Circular Economy in furniture sectors

Looking beyond the current “take, make and dispose” extractive industrial model, the circular economy model aims to close the loop, creating a system that allows for the long life products, optimal reuse, refurbishment, remanufacturing and recycling of products and materials

More ‘circular by design aproach

Shifting the current linear economy into a more ‘circular by design approach’ is a challenge for the whole society towards the stock of natural resources and for increasing competitiveness, innovation and jobs. However, it also poses challenges such as financing, skills consumer behaviour and business models Both, “The Remanufacturing Market Study” prepared by the European Remanufacturing Network, and the report “Towards the Circular Economy” focuses on eight sectors where the implementation of circular economy may be relevant.

Among these, the furniture sector is the only traditional one included in both reports.
Circular economy interventions have the potential to foster the European furniture industry, with repair, refurbishment and remanufacture allowing value recovery, economic growth and job creation, while saving on resources and the environment.

163,300 jobs could be created by implementation a full transition to a circular model in the EU furniture sector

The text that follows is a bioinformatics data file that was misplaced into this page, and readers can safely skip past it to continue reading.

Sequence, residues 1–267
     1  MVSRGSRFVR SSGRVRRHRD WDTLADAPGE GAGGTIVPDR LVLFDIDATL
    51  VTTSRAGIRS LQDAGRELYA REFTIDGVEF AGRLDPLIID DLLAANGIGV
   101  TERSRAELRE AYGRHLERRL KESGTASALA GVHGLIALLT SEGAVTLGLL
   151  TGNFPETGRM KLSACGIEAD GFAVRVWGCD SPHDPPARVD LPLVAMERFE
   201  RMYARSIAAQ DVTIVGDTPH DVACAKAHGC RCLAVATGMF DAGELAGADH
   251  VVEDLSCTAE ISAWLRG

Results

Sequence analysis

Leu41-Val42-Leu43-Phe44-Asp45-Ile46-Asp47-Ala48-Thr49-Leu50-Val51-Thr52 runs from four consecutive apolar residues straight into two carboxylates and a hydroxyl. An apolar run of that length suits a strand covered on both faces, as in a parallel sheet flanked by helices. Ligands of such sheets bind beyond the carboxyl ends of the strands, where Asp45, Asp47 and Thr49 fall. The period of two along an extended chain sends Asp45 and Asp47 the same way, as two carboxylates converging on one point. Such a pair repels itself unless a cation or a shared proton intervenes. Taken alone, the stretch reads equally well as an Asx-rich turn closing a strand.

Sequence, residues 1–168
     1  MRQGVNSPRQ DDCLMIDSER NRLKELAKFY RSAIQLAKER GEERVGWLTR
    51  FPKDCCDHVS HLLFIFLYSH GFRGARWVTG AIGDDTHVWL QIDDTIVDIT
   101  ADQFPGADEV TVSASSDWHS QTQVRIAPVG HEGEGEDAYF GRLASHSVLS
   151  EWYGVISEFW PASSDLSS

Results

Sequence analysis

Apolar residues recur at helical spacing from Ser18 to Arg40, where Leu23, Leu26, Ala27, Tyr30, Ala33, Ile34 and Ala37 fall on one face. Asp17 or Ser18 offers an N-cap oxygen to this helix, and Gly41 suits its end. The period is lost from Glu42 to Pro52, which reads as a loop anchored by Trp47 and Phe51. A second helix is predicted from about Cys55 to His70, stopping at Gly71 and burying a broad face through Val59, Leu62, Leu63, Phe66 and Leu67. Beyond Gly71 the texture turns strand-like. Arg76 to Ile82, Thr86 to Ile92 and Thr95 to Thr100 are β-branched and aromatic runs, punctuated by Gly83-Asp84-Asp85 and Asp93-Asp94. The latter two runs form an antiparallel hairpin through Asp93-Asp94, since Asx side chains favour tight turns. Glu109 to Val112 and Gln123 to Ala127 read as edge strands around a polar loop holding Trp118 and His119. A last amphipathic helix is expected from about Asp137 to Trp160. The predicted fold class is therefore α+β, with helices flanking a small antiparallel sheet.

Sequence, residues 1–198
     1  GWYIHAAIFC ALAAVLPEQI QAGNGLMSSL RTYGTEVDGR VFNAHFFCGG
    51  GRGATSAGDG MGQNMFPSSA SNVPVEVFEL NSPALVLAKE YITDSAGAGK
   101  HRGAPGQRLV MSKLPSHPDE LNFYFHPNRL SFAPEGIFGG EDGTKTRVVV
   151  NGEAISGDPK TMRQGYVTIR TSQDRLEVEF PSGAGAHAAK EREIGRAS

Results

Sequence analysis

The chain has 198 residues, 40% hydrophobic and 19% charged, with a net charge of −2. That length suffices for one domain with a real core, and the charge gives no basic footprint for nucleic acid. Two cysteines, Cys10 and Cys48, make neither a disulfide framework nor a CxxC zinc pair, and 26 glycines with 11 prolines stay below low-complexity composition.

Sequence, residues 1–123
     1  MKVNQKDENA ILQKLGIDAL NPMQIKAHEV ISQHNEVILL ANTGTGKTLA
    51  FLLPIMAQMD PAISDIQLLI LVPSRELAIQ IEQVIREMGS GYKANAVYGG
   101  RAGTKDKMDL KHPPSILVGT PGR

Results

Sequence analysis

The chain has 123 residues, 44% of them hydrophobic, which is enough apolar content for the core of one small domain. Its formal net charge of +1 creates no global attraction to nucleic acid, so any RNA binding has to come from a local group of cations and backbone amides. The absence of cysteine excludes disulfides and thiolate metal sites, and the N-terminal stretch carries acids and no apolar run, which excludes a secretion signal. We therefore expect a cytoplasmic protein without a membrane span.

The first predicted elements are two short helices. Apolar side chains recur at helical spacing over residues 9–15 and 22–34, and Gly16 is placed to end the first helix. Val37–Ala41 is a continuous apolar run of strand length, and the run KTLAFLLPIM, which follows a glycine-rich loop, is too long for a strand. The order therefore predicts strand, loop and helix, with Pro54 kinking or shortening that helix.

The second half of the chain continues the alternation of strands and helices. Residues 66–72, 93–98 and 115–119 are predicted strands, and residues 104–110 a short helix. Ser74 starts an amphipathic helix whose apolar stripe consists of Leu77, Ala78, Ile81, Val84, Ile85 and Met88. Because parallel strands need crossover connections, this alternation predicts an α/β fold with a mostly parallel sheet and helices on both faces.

€4.9 billion. estimated potential increase in GVA from improved circularity in the EU furniture sector by 2030

of 10.000.000 tonnes discarded Furniture in EU countries each year, the majority of which is destined for either landfill or incineration

28%, European furniture sector percentage of furniture worldwide manufactured by EU member states

The EU furniture industry comprises approximately
126,000 firms, representing
a €84 billion market

Furniture pieces are normally purchased for replacement purposes, however the office furniture subsector and contract sector (whether it be hotels, restaurants, schools, hospitals or care homes) work in a different way, since they are usually replaced due to aesthetic and corporate branding reasons and normally carried out on an entire-office or hotel basis. Which makes both subsectors ideal for remanufacturing activities.

The creation of new business models based on circular economy across the furniture sector opens new opportunities from an economic and social perspective.

One of the consequences of this change is the requirement of skills and competences for enhanced performance, focusing on: entrepreneurship, strategy, innovation, system thinking, product design, sourcing and manufacturing, sales and customer value creation or product use and return chains.

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This project has been funded with support from the European Commission – application number 2017-1-BE01-KA202-024752. This publication [communication] reflects the views only of the author, and the Commission cannot be held responsible for any use which may be made of the information contained therein.